4. Here's a confession of the brash overconfidence of my youth. I had a small company intended to change the microlight world with a new plane of my own design. We built the prototype, and I had done the only flying on it, perhaps half a dozen hours. I decided it would be exciting for my two sons, then aged 6 & 4, to take them up one at a time for a short flight. A word on the structure. This was a rag & tube airframe, swept wing, canard. No enclosed seating area, as with trikes. The 'fuselage' was a pair of parallel tubes, with 1.25" o.d. tubing at each end, forming a rectangle. The seat was a simple hammock (made by my wife on her sewing machine) slung between the two ends. Because my children were so small, their little legs didn't reach the forward crossbar to rest upon. So I tied a piece of rope across the fore-&-aft tubes, and they rested their feet on that. No other structure between them and the ground 2500' below. The flight was uneventful, & I also took my wife up. She did not enjoy the experience, mainly, she claimed, because she kept thinking that her stitching on the hammock seat was all that stood between her and certain death on the unforgiving ground so far below. So in summary I risked the lives of my family on a brand new, unproven design, built from commercial material no airworthy standards, that had undergone no inspection other than my own, using a single ignition 2 stroke with my own reduction drive system. All this was completely legal at the time (1982 in UK), but I still cringe when I consider with the painfully acquired wisdom of my autumn years the foolhardiness of such a decision. Fortunately, my boys were unscarred mentally, & both went on to solo gliders whilst in their teens. My wife has never flown in anything smaller than a 727 since. Bruce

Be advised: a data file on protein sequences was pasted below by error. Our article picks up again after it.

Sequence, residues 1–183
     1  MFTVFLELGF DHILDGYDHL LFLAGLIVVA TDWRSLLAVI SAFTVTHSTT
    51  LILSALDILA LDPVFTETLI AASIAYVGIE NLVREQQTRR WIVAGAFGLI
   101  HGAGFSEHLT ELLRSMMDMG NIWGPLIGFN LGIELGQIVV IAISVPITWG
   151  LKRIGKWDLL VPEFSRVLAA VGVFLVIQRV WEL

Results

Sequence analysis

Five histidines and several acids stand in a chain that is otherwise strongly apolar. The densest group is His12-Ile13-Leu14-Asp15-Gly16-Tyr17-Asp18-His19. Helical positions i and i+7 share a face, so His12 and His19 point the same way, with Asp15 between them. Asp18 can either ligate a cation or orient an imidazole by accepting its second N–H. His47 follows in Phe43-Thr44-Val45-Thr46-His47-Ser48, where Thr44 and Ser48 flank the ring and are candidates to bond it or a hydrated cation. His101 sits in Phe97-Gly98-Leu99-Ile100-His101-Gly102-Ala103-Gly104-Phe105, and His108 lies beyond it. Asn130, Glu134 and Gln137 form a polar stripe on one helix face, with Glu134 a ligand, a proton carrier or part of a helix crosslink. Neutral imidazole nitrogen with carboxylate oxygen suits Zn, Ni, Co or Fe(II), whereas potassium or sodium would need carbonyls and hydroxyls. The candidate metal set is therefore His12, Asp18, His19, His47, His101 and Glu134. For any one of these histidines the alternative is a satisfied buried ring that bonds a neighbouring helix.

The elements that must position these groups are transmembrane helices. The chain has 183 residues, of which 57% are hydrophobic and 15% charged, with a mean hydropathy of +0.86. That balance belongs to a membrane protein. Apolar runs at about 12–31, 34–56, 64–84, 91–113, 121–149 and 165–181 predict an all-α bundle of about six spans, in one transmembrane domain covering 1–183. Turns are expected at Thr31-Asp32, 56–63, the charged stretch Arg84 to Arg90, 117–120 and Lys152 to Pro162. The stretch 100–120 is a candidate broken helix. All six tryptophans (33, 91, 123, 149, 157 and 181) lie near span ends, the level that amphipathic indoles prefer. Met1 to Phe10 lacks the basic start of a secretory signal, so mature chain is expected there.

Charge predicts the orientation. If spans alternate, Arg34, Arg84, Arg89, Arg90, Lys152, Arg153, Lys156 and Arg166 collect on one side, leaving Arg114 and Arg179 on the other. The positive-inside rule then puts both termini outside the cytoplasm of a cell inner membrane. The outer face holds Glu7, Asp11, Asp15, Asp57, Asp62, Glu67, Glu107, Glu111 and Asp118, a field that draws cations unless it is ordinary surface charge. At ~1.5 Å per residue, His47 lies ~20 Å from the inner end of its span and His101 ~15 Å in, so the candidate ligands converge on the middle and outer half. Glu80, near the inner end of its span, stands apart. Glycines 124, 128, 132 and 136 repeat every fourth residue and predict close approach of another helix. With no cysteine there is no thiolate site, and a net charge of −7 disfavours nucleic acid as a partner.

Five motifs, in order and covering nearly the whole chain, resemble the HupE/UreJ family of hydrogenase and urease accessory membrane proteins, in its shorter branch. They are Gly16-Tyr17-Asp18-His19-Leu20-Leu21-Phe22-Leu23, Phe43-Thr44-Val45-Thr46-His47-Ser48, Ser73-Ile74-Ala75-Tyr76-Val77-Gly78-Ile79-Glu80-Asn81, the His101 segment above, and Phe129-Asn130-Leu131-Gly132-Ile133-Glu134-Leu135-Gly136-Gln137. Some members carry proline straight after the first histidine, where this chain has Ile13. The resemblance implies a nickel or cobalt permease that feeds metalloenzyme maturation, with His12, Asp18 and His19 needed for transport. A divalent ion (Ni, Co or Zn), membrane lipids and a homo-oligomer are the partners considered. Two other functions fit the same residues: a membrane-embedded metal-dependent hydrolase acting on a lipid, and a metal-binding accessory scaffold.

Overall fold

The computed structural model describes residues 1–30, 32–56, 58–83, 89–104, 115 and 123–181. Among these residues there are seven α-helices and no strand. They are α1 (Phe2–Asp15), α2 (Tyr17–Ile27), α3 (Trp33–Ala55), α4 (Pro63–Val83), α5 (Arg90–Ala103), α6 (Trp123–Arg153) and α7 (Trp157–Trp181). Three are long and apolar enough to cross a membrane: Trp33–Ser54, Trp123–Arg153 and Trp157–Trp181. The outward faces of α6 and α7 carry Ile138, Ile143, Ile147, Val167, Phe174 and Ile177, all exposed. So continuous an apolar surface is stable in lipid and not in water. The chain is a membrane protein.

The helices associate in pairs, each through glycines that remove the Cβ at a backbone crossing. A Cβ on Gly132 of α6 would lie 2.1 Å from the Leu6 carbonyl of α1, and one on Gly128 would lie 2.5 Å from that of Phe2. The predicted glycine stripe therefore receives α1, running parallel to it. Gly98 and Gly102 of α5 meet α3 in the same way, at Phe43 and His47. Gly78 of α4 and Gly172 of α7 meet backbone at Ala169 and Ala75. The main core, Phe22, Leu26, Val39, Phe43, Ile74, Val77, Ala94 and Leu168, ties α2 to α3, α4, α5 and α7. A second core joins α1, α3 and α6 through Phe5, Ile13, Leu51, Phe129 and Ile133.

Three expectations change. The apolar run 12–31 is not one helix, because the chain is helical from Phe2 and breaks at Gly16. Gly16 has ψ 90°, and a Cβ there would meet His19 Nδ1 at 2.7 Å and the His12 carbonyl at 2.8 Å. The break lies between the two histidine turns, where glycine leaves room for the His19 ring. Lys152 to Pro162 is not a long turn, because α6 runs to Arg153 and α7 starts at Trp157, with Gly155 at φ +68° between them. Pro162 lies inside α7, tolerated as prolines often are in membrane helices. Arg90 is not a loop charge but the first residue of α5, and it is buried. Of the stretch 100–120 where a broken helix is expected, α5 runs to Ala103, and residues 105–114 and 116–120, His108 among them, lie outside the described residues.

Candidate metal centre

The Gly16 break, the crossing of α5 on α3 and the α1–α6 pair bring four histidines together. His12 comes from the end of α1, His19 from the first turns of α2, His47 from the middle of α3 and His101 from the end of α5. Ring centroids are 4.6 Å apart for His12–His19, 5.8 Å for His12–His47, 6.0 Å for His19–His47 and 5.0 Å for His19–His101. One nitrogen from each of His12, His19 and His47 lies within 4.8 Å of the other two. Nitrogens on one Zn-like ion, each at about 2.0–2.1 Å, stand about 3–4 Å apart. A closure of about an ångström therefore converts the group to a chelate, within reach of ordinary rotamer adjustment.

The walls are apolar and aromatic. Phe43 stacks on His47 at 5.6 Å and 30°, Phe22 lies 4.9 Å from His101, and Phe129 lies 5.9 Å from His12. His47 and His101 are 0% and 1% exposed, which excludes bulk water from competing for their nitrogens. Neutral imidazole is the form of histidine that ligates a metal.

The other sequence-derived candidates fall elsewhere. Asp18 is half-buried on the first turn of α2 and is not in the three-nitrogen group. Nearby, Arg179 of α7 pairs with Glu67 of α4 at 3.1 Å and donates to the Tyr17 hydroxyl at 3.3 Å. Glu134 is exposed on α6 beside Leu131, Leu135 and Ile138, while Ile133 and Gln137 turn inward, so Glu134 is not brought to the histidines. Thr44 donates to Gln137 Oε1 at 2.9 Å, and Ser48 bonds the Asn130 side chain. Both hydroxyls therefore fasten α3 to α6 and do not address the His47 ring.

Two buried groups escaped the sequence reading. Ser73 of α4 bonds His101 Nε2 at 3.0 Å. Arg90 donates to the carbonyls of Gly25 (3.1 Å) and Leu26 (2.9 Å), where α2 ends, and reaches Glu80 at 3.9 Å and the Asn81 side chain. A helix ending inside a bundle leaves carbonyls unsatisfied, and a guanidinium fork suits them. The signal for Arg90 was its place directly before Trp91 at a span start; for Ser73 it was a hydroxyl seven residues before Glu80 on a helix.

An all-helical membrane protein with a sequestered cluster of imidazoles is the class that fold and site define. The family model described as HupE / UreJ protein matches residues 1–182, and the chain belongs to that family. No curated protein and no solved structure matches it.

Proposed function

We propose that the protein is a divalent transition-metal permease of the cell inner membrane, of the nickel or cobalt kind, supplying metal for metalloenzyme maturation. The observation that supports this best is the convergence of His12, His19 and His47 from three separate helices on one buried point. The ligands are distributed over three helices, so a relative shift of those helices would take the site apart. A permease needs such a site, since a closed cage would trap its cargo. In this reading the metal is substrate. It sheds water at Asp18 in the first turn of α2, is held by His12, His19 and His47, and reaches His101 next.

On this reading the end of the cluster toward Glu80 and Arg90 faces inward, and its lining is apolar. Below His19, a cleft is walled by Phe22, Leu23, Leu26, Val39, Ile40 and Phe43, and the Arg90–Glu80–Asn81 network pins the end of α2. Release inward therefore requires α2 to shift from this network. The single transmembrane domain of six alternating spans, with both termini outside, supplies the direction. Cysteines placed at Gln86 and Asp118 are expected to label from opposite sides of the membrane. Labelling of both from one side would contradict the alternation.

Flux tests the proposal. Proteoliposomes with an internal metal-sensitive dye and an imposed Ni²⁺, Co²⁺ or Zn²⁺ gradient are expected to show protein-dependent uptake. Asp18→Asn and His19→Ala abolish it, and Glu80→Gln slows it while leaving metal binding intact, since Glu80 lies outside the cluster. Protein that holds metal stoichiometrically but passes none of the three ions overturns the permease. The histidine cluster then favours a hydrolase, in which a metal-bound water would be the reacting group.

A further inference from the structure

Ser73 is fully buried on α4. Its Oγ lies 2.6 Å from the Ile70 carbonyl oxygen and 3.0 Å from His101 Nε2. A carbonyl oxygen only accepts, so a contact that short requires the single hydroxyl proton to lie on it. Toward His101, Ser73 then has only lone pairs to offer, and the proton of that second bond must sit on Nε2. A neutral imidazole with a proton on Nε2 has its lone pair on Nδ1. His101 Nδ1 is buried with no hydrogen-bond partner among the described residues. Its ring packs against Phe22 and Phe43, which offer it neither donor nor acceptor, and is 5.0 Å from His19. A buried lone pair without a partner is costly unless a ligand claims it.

5. https://www.manchestereveningnews.co.uk/news/greater-manchester-news/robert-murgatroyd-pilot-barton-crash-15860828